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Hampton Court Beauties

Hampton Court Beauty: Lady Mary Bentinck, c. 1700. Studio of Sir Godfrey Kneller

The Hampton Court Beauties are a series of eight portraits by Sir Godfrey Kneller, commissioned by Queen Mary II of England,[1] depicting the most glamorous ladies from the court of William III. They adorn the state rooms of King William III at Hampton Court Palace.

They were probably originally commissioned to hang in the "water room" at Hampton court, however after his wife's death in 1699, William moved them to "the eating room downstairs" where they currently hang.[1]

Hampton Court also houses the Windsor Beauties by Sir Peter Lely, depicting the most beautiful ladies of the court of King Charles II of England, a generation before. However unlike the Windsor Beauties, the Hampton Court Beauties were not mistresses of the King, but attendants to Queen Mary. In contrast to the three quarter sized Windsor beauties, they are more formally posed, and full length. They are of a plainer, less erotic style reflecting a more moralistic society, and the desire to "rebrand" the monarchy accordingly.[2]

Later critics such as Hazlitt and Fuseli still found them problematic, Hazlitt describing them as "painted, tawdry",[3] and by 1835 the earlier set of "bold meritricious hussies"[a] had been sent from Windsor to join them at the more informal setting of Hampton Court.[4] Both sets were part of the exhibition "The Wild, the Beautiful and the Damned" in 2012. [5][6]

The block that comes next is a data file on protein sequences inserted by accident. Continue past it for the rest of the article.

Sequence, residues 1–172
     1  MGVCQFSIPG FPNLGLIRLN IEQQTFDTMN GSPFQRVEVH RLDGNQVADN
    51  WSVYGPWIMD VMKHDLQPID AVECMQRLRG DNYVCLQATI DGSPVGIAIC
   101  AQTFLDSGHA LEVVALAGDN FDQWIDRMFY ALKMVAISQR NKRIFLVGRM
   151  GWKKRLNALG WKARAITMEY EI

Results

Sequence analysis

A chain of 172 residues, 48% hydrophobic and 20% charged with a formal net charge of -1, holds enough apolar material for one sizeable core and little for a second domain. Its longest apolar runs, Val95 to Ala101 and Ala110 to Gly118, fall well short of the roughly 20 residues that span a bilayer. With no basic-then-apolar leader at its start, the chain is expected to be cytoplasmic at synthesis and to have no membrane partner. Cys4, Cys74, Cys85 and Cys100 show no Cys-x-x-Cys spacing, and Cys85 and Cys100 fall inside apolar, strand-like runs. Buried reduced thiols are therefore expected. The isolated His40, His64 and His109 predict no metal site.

The Hampton Court BeautiesEdit

Isabella Bennet, Duchess of Grafton (1667–1713),
Margaret Cecil, Countess of Ranelagh (1672–1727),
Carey Fraser, Countess of Peterborough (c.1658–1709),
Frances Whitmore, Lady Middleton (1666–1694),
Mary Scrope, later Mrs Pitt (born 1676),
Diana De Vere, Duchess of St Albans (1679–1742),
Lady Mary Bentinck, Countess of Essex (died 1726),
Mary Compton, Countess of Dorset (1669–1691)

See alsoEdit

NotesEdit

  1. ^ According to Charles Knight[4]

ReferencesEdit

  1. ^ a b Alexander, Julia Marciari; MacLeod, Catharine (2007). Politics, Transgression, and Representation at the Court of Charles II. Yale Center for British Art. pp. 113–115. ISBN 9780300116564.
  2. ^ Sharpe, Kevin (2013). Rebranding Rule: The Restoration and Revolution Monarchy, 1660-1714. Yale University Press. pp. 412–414. ISBN 9780300162011.
  3. ^ Jones, Robert W (1998). Gender and the Formation of Taste in Eighteenth-Century Britain: The Analysis of Beauty. Cambridge University Press. p. 268. ISBN 9780521593267. Retrieved 25 April 2019.
  4. ^ a b Long, Phil; Palmer, Nicola J (2008). Royal Tourism: Excursions Around Monarchy (Illustrated ed.). Channel View Publications. p. 44. ISBN 9781845410803. Retrieved 25 April 2019.
  5. ^ "Key Paintings". Historic Royal palaces. Archived from the original on 6 October 2014. Retrieved 8 May 2019.
  6. ^ Kennedy, Maev (7 March 2012). "Hampton Court exhibition reveals damned beauties of Stuart era". The Guardian. ISSN 0261-3077. Retrieved 8 May 2019.

External linksEdit